Page 3671 - Week 11 - Wednesday, 23 November 2022
unauthorised entry of a motor vehicle where the person has a legitimate reason for entering—for example, where they are breaking into the vehicle to assist a child or animal that is trapped in the vehicle.
The government also recognises that there are more serious kinds of unauthorised entry to a motor vehicle in between this new simple offence and the more serious offences of stealing a car or driving or riding in a stolen car. The government is working closely with key stakeholders to progress a more serious offence of unauthorised entry of a motor vehicle which will encompass a higher level of culpability in its physical and fault elements and will carry a higher maximum penalty.
Today’s bill will also amend the Crimes (Sentencing) Act 2005 to provide that an offender’s residence outside the ACT must be taken into account as a matter indicating their unsuitability to serve their sentence by way of intensive correction order. A sentencing court must not order an offender be subject to an intensive correction order unless satisfied such order is suitable for the offender.
To determine suitability the court must consider an intensive correction assessment. Under current legislation, a number of matters must be taken into account as an indication of unsuitability for the purposes of this assessment, including the offender having a major problem with alcohol or a controlled drug; and the offender’s non-compliance with an intensive correction assessment.
The amendment will add the offender’s residence outside the ACT to this list. An offender’s residence outside the ACT may impact ACT Corrective Services’ ability to provide effective supervision. For example, the conditions of an intensive correction order can include home visits and drug testing, which a corrections officer cannot perform without ready access to the offender.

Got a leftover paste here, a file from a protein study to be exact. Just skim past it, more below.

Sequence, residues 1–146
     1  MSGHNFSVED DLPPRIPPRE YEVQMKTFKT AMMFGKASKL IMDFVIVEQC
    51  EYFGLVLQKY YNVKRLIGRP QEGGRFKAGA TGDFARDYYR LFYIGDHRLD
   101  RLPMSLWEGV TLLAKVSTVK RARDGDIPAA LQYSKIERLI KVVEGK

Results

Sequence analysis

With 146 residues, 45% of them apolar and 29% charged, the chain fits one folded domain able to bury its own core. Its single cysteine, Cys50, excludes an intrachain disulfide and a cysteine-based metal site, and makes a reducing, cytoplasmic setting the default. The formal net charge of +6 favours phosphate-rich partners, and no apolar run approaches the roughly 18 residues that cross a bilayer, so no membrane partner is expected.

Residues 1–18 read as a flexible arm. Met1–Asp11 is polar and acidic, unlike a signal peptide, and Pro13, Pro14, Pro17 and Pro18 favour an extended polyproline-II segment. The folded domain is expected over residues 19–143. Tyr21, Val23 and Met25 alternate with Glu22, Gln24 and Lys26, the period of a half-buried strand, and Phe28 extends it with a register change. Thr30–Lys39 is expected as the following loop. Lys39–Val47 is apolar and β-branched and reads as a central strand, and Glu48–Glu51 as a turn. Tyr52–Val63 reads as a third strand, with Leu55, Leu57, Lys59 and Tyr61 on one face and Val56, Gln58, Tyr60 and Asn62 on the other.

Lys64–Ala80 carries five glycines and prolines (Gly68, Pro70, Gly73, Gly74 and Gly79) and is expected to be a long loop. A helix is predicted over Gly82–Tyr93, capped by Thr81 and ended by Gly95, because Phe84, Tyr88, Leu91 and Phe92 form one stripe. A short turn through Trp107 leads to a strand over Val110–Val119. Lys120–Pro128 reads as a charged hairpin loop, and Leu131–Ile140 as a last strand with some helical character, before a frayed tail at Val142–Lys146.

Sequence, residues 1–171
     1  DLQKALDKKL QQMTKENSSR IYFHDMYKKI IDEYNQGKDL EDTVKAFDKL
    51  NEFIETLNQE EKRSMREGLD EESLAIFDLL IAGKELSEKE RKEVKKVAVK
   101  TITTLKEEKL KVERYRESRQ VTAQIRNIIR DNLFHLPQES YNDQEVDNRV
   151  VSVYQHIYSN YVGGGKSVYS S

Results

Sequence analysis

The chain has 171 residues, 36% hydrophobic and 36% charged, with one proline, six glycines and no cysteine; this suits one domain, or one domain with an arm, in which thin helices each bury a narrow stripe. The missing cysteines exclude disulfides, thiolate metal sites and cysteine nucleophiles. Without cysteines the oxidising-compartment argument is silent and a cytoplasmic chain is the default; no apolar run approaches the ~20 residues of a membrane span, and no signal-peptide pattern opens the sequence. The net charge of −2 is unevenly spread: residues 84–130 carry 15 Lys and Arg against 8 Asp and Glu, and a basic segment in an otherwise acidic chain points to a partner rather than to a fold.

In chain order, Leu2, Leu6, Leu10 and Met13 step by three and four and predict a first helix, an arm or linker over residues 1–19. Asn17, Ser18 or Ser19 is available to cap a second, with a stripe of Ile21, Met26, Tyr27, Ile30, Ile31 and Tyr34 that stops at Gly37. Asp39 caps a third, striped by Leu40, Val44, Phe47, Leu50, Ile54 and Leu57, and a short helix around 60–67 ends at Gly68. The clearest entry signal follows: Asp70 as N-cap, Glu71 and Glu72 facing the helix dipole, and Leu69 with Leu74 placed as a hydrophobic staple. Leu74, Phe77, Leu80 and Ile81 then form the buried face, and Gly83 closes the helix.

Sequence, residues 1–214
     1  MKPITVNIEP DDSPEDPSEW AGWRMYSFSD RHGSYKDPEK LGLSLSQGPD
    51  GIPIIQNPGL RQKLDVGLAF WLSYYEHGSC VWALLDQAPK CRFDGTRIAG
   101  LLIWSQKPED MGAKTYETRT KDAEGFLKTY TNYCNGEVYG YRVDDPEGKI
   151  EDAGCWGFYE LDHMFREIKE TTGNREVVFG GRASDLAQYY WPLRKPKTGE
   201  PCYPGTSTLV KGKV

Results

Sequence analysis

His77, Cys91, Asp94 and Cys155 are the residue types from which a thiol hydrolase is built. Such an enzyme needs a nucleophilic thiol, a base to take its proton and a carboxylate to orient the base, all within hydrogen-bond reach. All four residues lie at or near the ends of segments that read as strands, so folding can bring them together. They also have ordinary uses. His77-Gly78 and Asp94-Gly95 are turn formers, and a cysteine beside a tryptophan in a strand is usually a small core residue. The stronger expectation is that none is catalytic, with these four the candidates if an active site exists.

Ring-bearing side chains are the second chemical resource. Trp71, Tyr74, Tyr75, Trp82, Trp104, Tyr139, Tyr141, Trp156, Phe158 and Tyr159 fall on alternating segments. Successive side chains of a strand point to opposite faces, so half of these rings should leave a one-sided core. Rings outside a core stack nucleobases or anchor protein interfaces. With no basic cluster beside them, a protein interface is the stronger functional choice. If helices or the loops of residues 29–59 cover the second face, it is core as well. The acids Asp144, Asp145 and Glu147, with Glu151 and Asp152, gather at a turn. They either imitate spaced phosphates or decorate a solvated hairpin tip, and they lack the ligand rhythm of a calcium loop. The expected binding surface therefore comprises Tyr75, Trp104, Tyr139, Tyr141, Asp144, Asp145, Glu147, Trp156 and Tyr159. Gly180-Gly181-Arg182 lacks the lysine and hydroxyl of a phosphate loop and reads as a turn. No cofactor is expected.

The offender’s residence outside of the ACT can also impact whether the offender is able to comply with conditions. Such conditions can include regular reporting to ACT Corrective Services offices in Canberra, which requires the offender to regularly attend the ACT at particular times. An offender can also be subject to other “location relevant” orders as part of an intensive correction order, such as community service orders, which may require almost daily attendance within the ACT.
An offender’s residence outside the ACT will not necessarily mean that they will be found to be overall unsuitable to serve their sentence of imprisonment by way of an intensive correction order, provided they are able to comply with the order’s obligations. The question of whether an offender’s residence outside the ACT prevents them from being suitable for an intensive correction order must be considered on a case-by-case basis. This amendment will allow ACT Corrective Services to provide a more comprehensive assessment of an offender’s suitability for an intensive correction order to the sentencing court, supporting the supervision of and compliance with any such orders.
The bill will also amend the Crimes (Sentence Administration) Act 2005 to support ACT courts to recover outstanding court fine amounts. Currently, ACT courts can only contact offenders with unpaid court fines via their postal or home address.